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What Are Leeks?
Leeks are an edible vegetable from the genus allium, closely related to onions, garlic, scallions, chives, shallots, and Chinese onions.
- The edible portion of the plant includes the bundle of leaf sheaths so tightly bound they are often mistaken for stems or stalks. These sheaths are produced during cultivation by trenching, which involves pushing soil around the plant base to bind the sheaths.
- Extremely hearty once in the ground, leeks have been consumed through much of human history, forming a part of the Egyptian diet from around the second millennium BCE. Leeks are also described in the Hebrew Bible, were favorites of Roman emperor Nero, and were grown in Mesopotamia. In California, leeks are always in season, meaning they can be grown year-round.
What Do Leeks Look Like?
Leeks are white at their base and transition from light green to dark green at the top. With a thick base that moves into flat leaves at the top, leeks look a great deal like green onions though they are thicker.
When choosing leeks at the market, they should be straight and firm with white necks and dark green leaves. Their bulbs should be pristine, neither cracked or bruised, and the leek should not be wilting or yellow. Since thicker leeks tend to be more fibrous, look for leeks with diameters of 1.5 inches or less.
What Do Leeks Taste Like?
Leeks taste like a mild version of an onion, with the same base flavor but far less intensity. They are delicate and sweeter than other members of its cultivar group. Traditionally, the white part and light green middle are eaten, while the green tops are often discarded. This has less to do with flavor—leeks taste the same throughout—and more to do with texture. As they get further from the ground, leeks become tougher and more fibrous.
5 Easy Ways to Cook Leeks
Leeks are versatile and thus used in side dish and main dish varieties from different cultures and cuisines.
- They are quite common in French cuisine, served boiled in a vinaigrette or boiled and pureed into a soup called vichyssoise.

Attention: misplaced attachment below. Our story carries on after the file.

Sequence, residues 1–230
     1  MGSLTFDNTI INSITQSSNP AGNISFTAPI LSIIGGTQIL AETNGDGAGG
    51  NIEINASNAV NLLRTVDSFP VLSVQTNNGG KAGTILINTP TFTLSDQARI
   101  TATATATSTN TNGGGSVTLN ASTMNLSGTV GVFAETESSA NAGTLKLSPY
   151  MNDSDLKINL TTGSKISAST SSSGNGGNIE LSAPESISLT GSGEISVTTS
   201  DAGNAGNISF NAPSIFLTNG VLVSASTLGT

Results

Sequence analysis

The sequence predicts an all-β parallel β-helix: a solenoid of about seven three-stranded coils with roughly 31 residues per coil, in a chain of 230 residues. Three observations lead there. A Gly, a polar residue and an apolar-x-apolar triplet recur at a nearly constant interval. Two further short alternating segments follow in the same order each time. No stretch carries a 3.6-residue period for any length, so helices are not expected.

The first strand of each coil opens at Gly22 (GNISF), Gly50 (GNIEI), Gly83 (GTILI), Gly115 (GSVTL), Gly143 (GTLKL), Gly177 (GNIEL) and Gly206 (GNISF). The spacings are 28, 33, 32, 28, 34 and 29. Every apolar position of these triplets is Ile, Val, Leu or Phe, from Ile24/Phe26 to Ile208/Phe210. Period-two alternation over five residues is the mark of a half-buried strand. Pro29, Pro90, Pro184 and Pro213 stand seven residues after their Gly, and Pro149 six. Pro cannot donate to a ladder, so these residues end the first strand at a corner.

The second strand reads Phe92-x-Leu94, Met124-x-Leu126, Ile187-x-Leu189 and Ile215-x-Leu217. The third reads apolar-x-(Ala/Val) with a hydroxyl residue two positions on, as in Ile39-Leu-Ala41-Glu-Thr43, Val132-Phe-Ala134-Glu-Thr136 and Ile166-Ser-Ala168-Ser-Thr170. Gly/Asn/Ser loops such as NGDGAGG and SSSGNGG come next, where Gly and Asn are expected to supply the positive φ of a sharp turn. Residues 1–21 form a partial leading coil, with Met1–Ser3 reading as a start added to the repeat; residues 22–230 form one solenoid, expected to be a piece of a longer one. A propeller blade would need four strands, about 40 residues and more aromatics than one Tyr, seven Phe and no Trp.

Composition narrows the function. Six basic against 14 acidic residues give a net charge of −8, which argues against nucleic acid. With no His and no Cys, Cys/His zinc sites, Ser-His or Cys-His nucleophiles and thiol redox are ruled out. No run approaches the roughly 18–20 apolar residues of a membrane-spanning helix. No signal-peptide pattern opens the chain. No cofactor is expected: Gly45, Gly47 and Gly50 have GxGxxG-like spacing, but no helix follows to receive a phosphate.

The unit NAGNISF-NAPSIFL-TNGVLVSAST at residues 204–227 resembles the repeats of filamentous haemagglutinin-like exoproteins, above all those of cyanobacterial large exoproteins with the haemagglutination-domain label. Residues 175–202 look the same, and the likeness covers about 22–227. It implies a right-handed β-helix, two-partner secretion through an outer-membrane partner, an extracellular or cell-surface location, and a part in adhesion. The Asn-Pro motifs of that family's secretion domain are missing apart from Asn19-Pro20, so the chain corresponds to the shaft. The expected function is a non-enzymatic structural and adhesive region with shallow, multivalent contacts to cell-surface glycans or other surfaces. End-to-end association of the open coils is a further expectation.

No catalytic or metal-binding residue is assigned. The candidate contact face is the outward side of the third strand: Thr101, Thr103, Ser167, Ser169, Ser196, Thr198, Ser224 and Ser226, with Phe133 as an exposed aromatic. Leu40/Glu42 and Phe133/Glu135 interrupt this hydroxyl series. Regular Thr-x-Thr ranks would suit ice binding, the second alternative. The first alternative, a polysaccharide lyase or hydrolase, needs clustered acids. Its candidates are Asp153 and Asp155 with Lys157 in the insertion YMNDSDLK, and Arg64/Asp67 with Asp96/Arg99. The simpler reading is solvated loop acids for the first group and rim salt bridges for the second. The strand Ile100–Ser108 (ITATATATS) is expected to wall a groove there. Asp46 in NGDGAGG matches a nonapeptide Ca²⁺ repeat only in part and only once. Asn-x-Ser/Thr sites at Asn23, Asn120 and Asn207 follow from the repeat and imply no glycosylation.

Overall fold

- In Turkish food leeks are often chopped into thick slices, boiled to separate individual leaves, and then stuffed with different rice-based fillings to produce different dishes.
- The Scottish produce a soup made of chicken, chicken broth, and leeks called cock a leekie soup.
- The Welsh make a creamy potato and leek soup. Potato-leek soup has become quite popular in the United States.
- In China, leeks are made into starchy, savory pancakes.
What Are the Health Benefits of Leeks?
Leeks are regarded as quite healthy based on their calorie count and nutrition facts. Some of the benefits of leeks include:
- Like their green onion cousin, leeks are low in calories and provide a good amount of our daily value of fiber, meaning they promote regularity and can be part of a low-calorie diet.
- They are believed to help reduce inflammation in the human body.
- They promote cardiovascular health with their unique combination of flavonoids and sulfur-containing nutrients.
- They are high in vitamin K.
- Leeks contain vitamin B folates, which are important in cell development.
- The vitamin C in leeks helps boost the body’s immune system.
11 Tips for Preparing and Cooking with Leeks
Leeks are quite simple to store and prepare for cooking. Here are some tips for preparing leeks for cooking:
- After purchase, fresh leeks should be refrigerated unwashed and untrimmed, and wrapped in plastic to retain moisture.
- Washing whole leeks before use is extremely important. Because they are grown by compacting soil around their base, they collect a good amount of dirt. Clean leeks by thoroughly rinsing them under running water and drying in a paper towel before preparation. Alternatively, they can be soaked in a bowl of cold water for thirty minutes, repeating the process until the water is free of grit.
- After chopping, let leeks sit for around five minutes before cooking—this allows them to develop their nutritionally beneficial properties.
Once leeks have been prepared for cooking, there are many choices for how to cook them. Some common ways to cook leeks include:
- Don’t cook them at all. Though they are quite fibrous, if sliced thinly enough the root end and light green parts of leeks can make an excellent garnish for soups, salads (they pair especially nice with sweet bell peppers and apples), meat, and roasted vegetables. Raw leeks provide a nice crunch with a slightly sweet bite.
- Roast them whole, sliced lengthwise in half, or sliced into thin strips with a chef’s knife. This will add a unique flavor and texture to a roasted vegetable recipe or can be served alongside or on top of cooked meats.
- Sauté them in olive oil, much like you would onions. Also, like other members of the onion family, leeks will caramelize if cooked long enough, meaning they can make an interesting topping on a wide range of meal options including hamburgers.
When cooked in different manners, leeks can form an essential ingredient in many common dishes. Some of the most popular leek recipes include:
- Vichyssoise is a cold soup of French origin. It is made by boiling leeks and potatoes, pureeing them, and combining them with cream and chicken stock.
- Creamy leek and potato soup is a hot version of vichyssoise, originating from Wales.
- Cock-a-leekie soup is a Scottish chicken and leek soup made with sautéed leeks.
- Leeks are made into savory pancakes in Chinese cuisine.
- Separated into their individual leaves and stuffed with different rice-based fillings, leeks are central to Turkish dishes like sarma.
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